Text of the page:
reboot the container by issuing the reboot command. Make sure you are still connected to the template and your not going to reboot your server. Or just stop and start the container from the web interface.

You should now be able to access a prompt by connecting to the console. You may have to hit return on first connect.

More Stuffs

At this point you can make any more adjustments to this container that will form your template. I run an apt-get update and upgrade and i like to have at least one interface come up on DHCP so if im deploying remotely i can access the ssh port. I also prefer nano instead of vi which isnt included by default.

Once you have made all the changes and installed all the software packages we are ready to move on to the next stage.

Template Prep

There are some items we don’t want to be included in our template, and there are some things we need to be specifically unique in our templates like ssh host keys.

If you used apt-get update upgrade install then clear your cache if nothing more than to save some space
# apt-get clean

The default template has series of start up scripts that regenerates SSH host keys and dhcp6cctlkeys then delete the init scripts. All we need to do is copy these files back in to our template. I extracted the files out of the existing template and have also included them all on my dropbox for simple wgets. These are valid for ubuntu-14.04-x86_64 but should be compatible with most linux distros.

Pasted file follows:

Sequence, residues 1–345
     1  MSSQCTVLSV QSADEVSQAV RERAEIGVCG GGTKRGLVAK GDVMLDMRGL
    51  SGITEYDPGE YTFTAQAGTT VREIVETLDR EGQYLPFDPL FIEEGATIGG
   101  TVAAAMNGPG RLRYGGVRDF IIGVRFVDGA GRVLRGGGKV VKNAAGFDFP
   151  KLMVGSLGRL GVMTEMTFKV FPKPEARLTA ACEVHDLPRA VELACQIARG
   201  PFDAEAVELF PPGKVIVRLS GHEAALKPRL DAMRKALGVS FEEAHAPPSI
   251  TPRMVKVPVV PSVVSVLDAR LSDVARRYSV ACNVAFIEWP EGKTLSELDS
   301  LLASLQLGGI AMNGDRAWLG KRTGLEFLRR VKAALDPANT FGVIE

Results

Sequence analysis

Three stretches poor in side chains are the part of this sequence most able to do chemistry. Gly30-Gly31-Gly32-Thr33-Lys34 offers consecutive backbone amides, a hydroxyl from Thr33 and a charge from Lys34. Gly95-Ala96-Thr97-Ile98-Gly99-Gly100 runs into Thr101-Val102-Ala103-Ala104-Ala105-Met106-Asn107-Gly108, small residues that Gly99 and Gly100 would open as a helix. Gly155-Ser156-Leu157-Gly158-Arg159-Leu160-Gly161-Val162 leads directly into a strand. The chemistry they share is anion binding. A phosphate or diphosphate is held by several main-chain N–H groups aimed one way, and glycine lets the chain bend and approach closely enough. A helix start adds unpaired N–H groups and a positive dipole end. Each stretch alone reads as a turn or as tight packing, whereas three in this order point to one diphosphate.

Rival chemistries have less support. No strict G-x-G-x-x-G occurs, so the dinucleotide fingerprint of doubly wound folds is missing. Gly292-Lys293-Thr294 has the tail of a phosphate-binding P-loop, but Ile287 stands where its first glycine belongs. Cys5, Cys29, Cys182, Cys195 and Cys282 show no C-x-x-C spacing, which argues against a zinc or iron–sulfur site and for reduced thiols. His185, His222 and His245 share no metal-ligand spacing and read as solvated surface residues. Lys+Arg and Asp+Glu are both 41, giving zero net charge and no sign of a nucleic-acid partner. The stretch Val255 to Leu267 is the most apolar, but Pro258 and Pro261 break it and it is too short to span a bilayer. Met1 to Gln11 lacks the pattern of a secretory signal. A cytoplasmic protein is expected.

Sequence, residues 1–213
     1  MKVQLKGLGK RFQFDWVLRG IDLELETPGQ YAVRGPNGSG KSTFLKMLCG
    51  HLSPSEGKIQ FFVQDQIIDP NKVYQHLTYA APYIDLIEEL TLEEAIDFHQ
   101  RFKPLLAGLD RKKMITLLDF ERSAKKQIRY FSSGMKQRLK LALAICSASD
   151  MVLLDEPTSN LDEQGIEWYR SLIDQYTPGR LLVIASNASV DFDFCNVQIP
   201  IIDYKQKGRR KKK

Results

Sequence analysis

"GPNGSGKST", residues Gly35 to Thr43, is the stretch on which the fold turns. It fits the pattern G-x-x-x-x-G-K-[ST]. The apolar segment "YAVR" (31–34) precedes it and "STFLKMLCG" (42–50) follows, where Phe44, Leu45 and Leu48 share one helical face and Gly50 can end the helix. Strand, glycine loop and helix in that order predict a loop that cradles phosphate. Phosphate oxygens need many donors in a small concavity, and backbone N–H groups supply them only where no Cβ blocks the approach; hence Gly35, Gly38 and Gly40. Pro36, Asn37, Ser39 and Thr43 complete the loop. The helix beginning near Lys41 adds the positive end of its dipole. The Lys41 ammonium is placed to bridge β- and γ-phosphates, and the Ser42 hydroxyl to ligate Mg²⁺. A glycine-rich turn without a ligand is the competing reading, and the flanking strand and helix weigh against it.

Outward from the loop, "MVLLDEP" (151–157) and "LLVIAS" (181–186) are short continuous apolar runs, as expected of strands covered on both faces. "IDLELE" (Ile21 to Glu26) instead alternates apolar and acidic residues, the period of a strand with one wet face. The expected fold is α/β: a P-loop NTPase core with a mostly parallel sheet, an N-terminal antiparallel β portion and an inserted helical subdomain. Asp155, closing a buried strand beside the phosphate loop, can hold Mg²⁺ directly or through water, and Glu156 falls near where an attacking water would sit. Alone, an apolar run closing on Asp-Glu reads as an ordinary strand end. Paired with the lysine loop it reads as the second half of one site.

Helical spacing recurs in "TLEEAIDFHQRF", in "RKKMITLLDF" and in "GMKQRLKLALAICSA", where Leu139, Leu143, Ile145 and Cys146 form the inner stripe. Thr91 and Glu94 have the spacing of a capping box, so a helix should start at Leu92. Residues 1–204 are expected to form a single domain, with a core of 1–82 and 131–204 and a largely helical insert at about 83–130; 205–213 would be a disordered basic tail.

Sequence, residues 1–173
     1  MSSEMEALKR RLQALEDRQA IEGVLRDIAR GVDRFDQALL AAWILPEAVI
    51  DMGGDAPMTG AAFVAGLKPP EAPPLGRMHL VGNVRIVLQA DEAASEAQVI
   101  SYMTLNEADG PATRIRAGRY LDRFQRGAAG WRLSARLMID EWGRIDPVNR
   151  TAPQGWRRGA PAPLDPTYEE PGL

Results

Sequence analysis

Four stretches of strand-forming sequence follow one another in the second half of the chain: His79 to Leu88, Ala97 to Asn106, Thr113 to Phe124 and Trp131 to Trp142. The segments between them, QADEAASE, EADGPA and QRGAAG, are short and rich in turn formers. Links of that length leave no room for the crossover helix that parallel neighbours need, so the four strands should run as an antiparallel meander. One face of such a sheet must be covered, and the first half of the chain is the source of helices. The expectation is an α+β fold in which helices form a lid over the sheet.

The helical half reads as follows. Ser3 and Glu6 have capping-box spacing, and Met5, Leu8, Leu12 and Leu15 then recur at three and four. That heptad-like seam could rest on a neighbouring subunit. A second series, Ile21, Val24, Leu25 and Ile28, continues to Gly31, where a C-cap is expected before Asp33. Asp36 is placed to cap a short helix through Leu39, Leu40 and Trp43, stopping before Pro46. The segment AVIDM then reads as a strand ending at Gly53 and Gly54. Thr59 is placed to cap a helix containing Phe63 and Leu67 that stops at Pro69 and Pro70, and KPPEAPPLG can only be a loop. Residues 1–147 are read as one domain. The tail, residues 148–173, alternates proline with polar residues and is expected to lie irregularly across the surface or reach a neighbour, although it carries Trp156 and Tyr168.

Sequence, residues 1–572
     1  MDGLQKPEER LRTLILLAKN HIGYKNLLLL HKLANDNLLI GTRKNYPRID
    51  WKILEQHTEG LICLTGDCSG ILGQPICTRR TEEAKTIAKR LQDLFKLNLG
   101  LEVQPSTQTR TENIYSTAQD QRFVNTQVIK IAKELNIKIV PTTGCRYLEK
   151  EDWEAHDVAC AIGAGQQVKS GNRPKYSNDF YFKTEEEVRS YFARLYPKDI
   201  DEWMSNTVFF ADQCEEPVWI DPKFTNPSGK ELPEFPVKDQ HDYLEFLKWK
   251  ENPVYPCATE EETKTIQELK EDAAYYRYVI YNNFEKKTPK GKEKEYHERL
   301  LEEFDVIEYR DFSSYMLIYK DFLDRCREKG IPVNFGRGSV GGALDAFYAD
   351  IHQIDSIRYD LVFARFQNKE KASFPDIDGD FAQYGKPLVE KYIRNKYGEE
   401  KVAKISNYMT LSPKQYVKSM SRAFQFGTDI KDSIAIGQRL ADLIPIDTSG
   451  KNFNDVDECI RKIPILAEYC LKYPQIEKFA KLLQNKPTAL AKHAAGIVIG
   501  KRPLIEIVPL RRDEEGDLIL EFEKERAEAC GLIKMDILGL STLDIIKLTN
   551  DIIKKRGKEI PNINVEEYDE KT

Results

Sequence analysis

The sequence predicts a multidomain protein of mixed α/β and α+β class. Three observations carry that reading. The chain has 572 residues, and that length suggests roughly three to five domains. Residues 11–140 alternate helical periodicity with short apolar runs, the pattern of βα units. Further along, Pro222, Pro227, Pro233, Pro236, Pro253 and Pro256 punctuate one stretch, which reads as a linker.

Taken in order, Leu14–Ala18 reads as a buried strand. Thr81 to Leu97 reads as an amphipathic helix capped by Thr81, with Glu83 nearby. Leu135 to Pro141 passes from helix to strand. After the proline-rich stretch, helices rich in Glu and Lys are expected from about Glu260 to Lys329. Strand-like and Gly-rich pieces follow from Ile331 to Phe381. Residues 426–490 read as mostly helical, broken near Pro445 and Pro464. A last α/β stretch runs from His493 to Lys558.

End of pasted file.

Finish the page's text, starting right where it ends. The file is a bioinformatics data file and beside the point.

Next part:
Download and link the files with the following commands, or manually copy them from the template archive in to location and then set the symbolic links.

# cd /etc/init.d/

# wget -O
# wget -O
# chmod +x /etc/init.d/
# chmod +x /etc/init.d/
# ln -s /etc/init.d/ /etc/rc2.d/S11dhcpv6hack
# ln -s /etc/init.d/ /etc/rc2.d/S11sshhack

Once your finished power off the container using the poweroff command. Ensure that if you are using the host server console you don’t accidentally power off your host.

Once the container is down we need to jump back on the host either via ssh or using the web shell.


Create Template

Templates are just tar.gz archives of the file structure so all we need to do is compress the file structure of the template we edited, excluding any files we don’t want to be included. The easiest way to exclude more than a couple of files is to create an exclude file.

# cd /var/lib/vz/private/105
# nano /tmp/exclude.txt

enter the relative path to any files or dirs on separate lines.

  • root/.bash_history
  • lost+found
  • tmp/*

Now create the template file with

# tar -X /tmp/exclude.txt -czvf /var/lib/vz/template/cache/template_name.tar.gz .

Watch for the trailing space and period ( .) this is important

Once the command completes you should now have a new template available in the template selection. Its that simple and you can be as creative as you like.

Remove Templates

To remove templates just delete the tar.gz file from the /var/lib/vz/template/cache folder.

# rm -f /var/lib/vz/template/cache/template_name.tar.gz

As usual Questions Queries Comments below.